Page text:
Indonesia commended for strong backing to scale up nutrition, reduce child malnutrition
Poor nutrition may cost nation up to 3 percent of GDP19 November | Jakarta – Indonesia’s emphatic commitment to the global Scaling Up Nutrition movement (SUN) and to addressing malnutrition among the children of Indonesia is expected to be the focus of an intervention on Tuesday at the National Conference on Food and Nutrition by the United Nations’ top representative on the issue, Dr. David Nabarro. SUN is a country-led movement with hundreds of organizations and entities working to increase the effectiveness of existing programs by supporting national priorities, aligning resources and fostering broad ownership and commitment to nutrition.
The Government of Indonesia has committed to reducing the prevalence of stunting among children aged under-five years by 5 percent and reducing the prevalence of underweight children to less than 15 percent. The UN in Indonesia has congratulated the Government for its commitment to making nutrition a top priority, and stands by its efforts to scale up nutrition as a way to accelerate the nation’s long-term development goals.
“Malnutrition is a multifactorial problem linked to poor diet and hygiene practices, childhood infections and inadequate care. It is also closely associated to poverty and deprivation and addressing this requires a coordinated multi-sectoral approach” said Dra. Nina Sarjunani, the Deputy Minister for Human Resources, Development and Culture at BAPPENAS, a member of the Global SUN Lead Group.
Angela Kearney, UNICEF’s Representative in Indonesia said that optimal nutrition during the 1000 days covering pregnancy, birth and early childhood is crucial for a healthy adult life and for ensuring optimal learning and achievement of full human potential. “Children not receiving adequate quality and quantity of food during this period may suffer from irreversible damage which will affect the productivity and development of the nation,” said Ms. Kearney. Increased investment in the prevention of stunting among Indonesia’s children will help address the toll that it takes in adult life.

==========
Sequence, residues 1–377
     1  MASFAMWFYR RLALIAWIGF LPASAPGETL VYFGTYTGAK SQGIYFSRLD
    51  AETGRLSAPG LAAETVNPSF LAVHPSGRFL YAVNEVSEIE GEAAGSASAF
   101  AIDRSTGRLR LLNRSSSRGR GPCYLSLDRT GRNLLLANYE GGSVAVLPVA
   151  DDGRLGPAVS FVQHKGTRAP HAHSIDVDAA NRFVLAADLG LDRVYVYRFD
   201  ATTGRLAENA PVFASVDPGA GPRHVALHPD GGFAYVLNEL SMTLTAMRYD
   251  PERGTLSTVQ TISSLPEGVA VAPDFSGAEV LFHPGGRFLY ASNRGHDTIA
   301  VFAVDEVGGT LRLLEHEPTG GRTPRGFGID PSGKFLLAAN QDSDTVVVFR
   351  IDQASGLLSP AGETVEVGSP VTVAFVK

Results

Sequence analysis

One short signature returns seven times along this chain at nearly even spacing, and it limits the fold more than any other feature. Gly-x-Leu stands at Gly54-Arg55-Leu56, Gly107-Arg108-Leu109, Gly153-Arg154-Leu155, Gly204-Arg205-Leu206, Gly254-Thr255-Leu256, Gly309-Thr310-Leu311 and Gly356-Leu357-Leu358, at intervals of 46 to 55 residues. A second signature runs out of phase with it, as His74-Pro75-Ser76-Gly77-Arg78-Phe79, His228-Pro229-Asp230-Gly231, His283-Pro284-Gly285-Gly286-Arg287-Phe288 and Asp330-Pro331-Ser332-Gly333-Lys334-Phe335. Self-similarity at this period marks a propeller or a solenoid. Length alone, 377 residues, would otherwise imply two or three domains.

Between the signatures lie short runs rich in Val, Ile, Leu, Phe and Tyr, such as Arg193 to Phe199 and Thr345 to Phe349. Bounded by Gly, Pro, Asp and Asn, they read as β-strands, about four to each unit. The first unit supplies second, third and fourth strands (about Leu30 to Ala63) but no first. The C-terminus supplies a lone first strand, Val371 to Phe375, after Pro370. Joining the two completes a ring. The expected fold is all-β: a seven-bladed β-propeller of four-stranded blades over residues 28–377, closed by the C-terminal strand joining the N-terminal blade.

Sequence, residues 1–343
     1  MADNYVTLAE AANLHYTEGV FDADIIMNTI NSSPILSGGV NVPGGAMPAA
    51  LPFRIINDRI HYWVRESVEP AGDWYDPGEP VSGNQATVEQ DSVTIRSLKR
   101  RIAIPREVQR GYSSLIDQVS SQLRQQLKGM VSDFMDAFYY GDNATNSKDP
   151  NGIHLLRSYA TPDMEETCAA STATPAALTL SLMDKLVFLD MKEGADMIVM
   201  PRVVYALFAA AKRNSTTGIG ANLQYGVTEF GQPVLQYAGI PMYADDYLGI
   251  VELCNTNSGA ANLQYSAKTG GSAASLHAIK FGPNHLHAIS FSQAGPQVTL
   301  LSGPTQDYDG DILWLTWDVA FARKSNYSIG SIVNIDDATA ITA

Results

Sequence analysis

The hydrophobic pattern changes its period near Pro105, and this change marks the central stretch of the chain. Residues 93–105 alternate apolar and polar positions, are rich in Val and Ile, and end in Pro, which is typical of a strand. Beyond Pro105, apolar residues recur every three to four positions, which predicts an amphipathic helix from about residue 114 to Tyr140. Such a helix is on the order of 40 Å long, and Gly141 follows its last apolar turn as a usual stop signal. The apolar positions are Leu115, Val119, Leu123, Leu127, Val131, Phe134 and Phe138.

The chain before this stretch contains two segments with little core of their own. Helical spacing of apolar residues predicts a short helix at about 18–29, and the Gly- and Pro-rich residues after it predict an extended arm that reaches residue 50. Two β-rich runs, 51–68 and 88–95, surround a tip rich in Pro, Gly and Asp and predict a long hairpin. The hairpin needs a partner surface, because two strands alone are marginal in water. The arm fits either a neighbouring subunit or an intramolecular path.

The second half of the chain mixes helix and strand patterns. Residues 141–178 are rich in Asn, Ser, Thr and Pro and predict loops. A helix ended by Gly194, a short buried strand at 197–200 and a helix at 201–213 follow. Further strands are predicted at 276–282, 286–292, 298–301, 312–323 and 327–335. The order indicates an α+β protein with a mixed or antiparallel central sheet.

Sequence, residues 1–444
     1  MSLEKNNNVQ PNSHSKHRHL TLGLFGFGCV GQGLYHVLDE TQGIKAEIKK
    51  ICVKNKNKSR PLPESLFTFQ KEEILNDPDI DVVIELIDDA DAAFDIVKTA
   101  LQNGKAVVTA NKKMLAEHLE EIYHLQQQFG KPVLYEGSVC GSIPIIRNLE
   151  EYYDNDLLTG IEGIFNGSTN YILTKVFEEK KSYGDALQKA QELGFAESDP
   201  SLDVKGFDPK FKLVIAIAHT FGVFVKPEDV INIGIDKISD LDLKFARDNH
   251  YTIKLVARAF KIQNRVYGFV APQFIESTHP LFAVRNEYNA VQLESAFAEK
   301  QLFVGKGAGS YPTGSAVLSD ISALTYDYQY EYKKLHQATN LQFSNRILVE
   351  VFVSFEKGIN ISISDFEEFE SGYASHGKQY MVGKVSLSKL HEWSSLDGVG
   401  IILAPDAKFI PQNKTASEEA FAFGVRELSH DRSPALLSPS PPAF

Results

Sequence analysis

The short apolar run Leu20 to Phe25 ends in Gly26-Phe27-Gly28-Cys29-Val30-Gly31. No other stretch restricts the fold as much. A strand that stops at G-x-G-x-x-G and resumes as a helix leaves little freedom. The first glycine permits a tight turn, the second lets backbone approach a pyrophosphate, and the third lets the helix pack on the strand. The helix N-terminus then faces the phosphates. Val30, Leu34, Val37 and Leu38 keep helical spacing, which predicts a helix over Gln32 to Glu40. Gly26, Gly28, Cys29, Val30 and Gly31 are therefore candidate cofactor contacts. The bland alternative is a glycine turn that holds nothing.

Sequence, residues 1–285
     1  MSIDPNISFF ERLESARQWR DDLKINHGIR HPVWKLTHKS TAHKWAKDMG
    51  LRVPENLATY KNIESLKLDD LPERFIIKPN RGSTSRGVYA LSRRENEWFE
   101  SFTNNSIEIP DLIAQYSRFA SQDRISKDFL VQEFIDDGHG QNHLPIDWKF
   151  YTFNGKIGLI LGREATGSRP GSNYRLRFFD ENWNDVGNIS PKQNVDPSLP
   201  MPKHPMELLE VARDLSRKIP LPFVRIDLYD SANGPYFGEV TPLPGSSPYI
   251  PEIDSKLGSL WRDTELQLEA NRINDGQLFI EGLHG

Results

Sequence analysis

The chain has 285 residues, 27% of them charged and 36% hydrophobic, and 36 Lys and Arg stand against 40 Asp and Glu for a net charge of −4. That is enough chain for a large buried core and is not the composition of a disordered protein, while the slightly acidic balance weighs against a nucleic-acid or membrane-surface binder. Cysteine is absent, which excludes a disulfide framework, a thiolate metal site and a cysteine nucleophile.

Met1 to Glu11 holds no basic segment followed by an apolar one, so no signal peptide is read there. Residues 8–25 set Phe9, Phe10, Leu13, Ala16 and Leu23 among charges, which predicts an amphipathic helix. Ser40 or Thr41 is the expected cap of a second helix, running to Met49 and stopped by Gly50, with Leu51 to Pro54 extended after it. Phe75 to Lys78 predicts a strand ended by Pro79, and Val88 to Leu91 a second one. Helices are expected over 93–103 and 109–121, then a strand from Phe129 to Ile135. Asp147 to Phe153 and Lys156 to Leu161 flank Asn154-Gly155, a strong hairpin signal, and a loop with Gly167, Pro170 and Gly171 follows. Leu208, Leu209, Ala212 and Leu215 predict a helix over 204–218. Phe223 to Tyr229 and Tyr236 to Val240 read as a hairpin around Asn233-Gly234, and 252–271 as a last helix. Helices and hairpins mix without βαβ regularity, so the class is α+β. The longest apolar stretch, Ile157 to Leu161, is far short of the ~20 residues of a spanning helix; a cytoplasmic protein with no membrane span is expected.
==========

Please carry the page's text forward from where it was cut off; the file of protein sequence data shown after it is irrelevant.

“Effective interventions are well-documented,” Ms. Kearney added, citing “good maternal nutrition during pregnancy, exclusive breastfeeding for infants for the first six months followed by appropriate complementary feeding and continued breastfeeding until a child reached 2 years of age,” in addition to hygiene practices.
“Access to a nutritious and age-appropriate diet for children under 2 and for pregnant and lactating women -- especially in the most food-insecure areas of the country -- is of critical importance,” said Coco Ushiyama, Representative of the World Food Program (WFP) in Indonesia, stressing that such access can be guaranteed only by working with a wide range of public and private sector partners.. “Ensuring the right food at the right time especially during the critical window of opportunity of the first 1000 days of a child’s life is of paramount importance” Ms. Ushiyama said. Fortification of both staple foods and specialised food for children and women ensures that all nutrients are accessible and consumed by the general population -- and particularly the most vulnerable groups.
As of 2010, Indonesia was reported to be on track in achieving the first Millennium Development Goal of reducing the prevalence of underweight among children under-five years of age. However, the same survey demonstrated an alarmingly high rate of stunting with 36 per cent of children aged below five years stunted. This means that one out of every three children in this age group is shorter than the standard expected height for their age. In some provinces such as East Nusa Tenggara, 6 out of 10 children are stunted.
Stunting has an irreversible on a child’s growth and development. Poor nutrition has an economic cost, reducing Gross Domestic Product by an estimated 2 to 3 percent.
The UNICEF global report on Progress on Maternal and Child Nutrition states that Indonesia has the fifth highest number of stunted children in the world. An estimated 7.8 million children aged below five years in Indonesia are stunted.
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